Making youth participation meaningful AND sustainable--that's the rub, indeed!
A survey could be a useful tool to gather young people's ideas about some of the design and development issues in evaluation. I've mainly seen them used for summative evaluation purposes, but what if such a survey were used in the beginning of an evaluation development process? For example, survey questions that ask young people what they wish people would ask them about the barriers or aids that exist in their own lives to program goals like K-12 retention and access to post-secondary education. A kind of "this is what tends to get measured, but what do you think affects these outcomes?" approach.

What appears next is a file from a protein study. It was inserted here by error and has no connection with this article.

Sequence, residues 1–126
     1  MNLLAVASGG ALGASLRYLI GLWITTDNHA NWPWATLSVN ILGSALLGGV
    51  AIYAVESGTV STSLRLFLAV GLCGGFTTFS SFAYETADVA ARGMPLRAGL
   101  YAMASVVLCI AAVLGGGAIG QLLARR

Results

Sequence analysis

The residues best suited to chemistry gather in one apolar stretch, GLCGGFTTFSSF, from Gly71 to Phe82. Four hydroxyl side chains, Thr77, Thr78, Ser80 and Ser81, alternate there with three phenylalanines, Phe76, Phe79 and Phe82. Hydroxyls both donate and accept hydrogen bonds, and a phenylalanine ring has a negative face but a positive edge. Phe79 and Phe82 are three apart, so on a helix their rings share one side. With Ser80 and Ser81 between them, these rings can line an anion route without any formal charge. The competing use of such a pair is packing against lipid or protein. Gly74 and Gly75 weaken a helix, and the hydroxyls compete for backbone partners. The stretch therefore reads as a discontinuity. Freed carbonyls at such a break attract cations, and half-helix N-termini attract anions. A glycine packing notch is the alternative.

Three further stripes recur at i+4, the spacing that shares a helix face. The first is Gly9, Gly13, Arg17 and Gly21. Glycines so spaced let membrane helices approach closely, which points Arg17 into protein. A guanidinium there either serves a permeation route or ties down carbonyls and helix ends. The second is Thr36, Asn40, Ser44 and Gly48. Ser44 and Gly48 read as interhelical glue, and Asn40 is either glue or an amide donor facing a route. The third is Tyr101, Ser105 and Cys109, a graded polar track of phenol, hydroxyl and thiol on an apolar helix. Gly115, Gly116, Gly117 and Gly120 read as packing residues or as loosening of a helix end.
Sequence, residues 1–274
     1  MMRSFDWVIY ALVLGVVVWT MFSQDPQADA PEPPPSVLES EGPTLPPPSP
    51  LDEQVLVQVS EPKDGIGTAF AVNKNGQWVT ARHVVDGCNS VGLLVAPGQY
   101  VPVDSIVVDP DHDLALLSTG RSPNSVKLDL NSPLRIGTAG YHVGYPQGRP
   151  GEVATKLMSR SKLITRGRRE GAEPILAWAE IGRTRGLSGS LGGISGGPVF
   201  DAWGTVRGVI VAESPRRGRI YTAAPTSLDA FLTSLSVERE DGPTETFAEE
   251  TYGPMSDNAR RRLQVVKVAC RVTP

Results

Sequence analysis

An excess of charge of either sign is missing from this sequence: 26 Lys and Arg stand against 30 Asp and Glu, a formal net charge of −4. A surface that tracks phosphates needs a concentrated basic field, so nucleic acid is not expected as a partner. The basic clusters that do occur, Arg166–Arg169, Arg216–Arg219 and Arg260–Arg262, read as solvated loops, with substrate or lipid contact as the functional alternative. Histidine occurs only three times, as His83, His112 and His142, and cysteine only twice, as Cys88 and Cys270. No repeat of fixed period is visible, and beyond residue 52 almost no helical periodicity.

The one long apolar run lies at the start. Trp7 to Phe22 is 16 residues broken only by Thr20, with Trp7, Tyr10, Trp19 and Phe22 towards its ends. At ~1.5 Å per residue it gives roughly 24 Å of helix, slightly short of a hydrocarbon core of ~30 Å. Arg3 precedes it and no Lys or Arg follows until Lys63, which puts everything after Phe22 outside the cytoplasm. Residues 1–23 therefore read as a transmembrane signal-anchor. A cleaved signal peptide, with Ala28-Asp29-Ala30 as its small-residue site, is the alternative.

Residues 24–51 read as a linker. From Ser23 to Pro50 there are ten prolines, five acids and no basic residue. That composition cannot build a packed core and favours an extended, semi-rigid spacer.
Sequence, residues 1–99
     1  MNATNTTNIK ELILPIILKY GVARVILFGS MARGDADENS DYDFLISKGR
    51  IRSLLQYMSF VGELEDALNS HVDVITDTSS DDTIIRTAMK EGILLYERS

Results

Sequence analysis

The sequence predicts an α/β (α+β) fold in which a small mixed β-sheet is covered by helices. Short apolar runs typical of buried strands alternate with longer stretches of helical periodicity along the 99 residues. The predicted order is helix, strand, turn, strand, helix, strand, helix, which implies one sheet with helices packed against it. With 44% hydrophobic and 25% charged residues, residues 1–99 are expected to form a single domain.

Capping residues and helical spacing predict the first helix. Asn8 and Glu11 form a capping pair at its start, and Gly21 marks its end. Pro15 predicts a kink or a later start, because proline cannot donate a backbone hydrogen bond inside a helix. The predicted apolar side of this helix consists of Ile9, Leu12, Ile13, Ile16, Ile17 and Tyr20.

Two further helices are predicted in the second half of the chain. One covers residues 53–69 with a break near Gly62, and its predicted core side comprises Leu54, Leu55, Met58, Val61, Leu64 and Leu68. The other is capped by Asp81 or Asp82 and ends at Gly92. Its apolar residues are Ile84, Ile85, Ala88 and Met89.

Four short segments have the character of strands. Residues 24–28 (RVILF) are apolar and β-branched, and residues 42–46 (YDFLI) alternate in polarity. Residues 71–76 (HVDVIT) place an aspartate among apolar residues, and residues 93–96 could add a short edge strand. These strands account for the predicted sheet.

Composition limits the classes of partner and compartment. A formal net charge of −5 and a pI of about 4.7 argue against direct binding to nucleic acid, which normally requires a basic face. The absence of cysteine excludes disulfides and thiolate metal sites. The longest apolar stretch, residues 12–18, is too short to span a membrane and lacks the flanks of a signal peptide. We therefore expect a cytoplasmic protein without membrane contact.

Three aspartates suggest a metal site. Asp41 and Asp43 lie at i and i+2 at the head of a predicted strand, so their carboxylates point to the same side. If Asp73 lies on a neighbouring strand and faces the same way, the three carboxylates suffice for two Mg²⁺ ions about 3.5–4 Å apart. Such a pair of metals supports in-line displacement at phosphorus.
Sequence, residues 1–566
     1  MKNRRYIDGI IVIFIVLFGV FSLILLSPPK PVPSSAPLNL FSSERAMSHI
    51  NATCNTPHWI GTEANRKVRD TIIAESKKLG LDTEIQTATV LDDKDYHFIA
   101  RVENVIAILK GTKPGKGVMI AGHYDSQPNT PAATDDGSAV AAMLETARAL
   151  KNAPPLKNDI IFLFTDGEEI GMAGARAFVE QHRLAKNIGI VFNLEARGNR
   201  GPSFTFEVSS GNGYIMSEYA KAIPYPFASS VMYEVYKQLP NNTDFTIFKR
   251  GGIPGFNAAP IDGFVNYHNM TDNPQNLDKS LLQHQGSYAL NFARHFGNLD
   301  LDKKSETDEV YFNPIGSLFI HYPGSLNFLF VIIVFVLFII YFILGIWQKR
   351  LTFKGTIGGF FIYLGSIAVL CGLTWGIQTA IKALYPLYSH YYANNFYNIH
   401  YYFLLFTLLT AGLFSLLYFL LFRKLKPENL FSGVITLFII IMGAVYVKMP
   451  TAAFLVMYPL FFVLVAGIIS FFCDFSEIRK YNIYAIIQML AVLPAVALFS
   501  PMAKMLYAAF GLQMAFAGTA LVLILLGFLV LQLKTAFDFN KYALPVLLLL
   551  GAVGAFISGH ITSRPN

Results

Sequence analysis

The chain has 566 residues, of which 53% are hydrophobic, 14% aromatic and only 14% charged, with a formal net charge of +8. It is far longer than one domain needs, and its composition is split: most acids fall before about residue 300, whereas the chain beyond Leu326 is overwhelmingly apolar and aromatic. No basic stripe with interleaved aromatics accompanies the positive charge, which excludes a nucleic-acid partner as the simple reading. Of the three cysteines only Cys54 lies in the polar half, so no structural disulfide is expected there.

On the other hand, it seems that surveys are a go-to tool for gathering youth input, and I know I struggle a bit to make surveys meaningful instruments while also not relying too heavily on them. What about incorporating art, or other creative tools to solicit young people's ideas? Like a survey, this could come either at the beginning or the end of an evaluation process, allowing youth to articulate visually or in other ways their own theories of action about what would help them achieve the goals around which the program is based. (If anyone knows of an example of using art this way in a youth program, I'd love to hear it!)